Our stories ... ...
19 November 2020 the Netherlands
On the 26th of November, FTA and TBI are proud to launch and present their latest report on Innovative Finance for Sustainable Landscapes.
17 November 2020 the Netherlands
Tropenbos International is planning the final evaluation for the EU-funded project: “Strengthening the capacity of non-state actors (NSA) to improve FLEGT-VPA and REDD+ processes in Western Africa” (EU Project 2016 / 380 509). The purpose of this evaluation is to assess the relevance, impact and sustainability of this action and to give recommendations to sustain the action’s results beyond its duration.
12 November 2020 Ghana
In Ghana, charcoal provides 64% of domestic energy requirements, and is a major source of income in northern and transitional zones. Taxes and levies on charcoal trading are also important sources of revenue for traditional authorities (including local chiefs), local government and the Forestry Commission. But the industry remains informal and unregulated, and with a lack of coherent policies, charcoal production remains a key driver of dryland degradation and deforestation. The Nationally Agreed Mitigation Actions (NAMAS) and the Renewable Energy Act 2011 (Act 832) stipulate a district-based permit system for wholesalers, and a revenue-sharing regime. However, these initiatives do not insist on the need to restore land cleared for charcoal production, nor do they require the establishment of wood lots and native trees for future harvesting.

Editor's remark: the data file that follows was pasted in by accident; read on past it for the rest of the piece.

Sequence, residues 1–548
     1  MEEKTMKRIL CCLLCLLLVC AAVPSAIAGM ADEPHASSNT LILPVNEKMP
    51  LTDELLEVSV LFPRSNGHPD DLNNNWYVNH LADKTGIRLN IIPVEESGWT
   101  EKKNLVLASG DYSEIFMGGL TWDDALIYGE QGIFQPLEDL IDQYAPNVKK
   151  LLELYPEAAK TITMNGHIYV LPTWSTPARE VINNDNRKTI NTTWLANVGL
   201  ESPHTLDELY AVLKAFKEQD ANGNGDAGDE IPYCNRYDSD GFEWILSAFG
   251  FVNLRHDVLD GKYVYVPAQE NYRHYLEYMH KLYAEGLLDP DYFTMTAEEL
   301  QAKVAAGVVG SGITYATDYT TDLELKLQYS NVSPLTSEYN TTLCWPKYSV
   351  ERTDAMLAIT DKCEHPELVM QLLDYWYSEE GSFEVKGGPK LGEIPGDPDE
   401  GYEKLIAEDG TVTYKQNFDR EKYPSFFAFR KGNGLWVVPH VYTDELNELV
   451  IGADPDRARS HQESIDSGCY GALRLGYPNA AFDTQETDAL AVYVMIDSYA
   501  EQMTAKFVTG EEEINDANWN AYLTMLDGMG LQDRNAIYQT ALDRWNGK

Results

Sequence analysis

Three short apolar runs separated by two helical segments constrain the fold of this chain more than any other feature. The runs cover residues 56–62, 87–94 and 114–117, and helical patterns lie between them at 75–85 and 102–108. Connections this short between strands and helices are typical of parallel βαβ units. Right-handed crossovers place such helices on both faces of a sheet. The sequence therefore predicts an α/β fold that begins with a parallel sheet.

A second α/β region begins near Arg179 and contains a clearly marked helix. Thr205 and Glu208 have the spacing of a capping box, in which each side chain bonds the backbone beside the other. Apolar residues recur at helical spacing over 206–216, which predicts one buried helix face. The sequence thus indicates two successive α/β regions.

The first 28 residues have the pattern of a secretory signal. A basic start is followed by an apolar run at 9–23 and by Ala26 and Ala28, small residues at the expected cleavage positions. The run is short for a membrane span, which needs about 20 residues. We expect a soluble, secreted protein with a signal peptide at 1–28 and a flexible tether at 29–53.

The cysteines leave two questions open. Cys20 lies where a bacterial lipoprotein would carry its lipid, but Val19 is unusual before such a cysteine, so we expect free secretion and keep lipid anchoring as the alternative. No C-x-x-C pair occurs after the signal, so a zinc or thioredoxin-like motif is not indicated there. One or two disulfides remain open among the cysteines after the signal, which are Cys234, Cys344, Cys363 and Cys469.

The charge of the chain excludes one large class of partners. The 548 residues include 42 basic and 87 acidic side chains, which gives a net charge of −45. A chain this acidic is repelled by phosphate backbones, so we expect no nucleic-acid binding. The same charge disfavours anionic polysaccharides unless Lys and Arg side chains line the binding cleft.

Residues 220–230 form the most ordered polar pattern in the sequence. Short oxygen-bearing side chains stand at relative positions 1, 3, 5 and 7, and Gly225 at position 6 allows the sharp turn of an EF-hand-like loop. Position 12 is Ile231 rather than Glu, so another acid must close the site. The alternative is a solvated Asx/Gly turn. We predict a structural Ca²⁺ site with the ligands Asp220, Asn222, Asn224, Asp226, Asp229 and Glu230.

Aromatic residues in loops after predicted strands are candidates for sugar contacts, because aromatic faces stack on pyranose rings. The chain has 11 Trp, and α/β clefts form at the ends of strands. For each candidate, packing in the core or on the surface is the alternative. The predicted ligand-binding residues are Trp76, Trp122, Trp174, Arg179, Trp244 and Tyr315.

12 November 2020 General
As a farmer in northern Kenya, I came to understand the importance of dryland restoration. After moving to Kaijaido country in the south, I started an initiative to restore the land, increase food security and reduce poverty, supported by a grant from the East African Community with various activities supported by FAO and Yale University.
09 November 2020 General
Together with the Ethiopian Orthodox Church’s Development and Inter-Church Aid Commission and the Konso Development Association, Plant-for-the-Planet Foundation has established a blueprint project for forest landscape restoration. This Plant-for-Ethiopia joint venture has developed a forestry management system and vocational training programme, with new forests providing materials and food, improving biodiversity and soil fertility, and reducing the impacts of climate change.
02 November 2020 General
Past failures in forest landscape restoration were due in part to less consultative, more top-down approaches and policies, with purely local initiatives often hampered by government rules and limited resources. Based on empirical evidence, local participation must be at the heart of sustainable restoration from programme inception. But what exactly does participation mean and practically entail? There is no shortage of terms to describe participation, but they often lack clear meaning or indicators to measure them. Also, they are often based on the assumption that initiatives are externally led and locals can participate, rather than the other way around. However, participation can be better evaluated and understood by examining the dimension and the context of participation.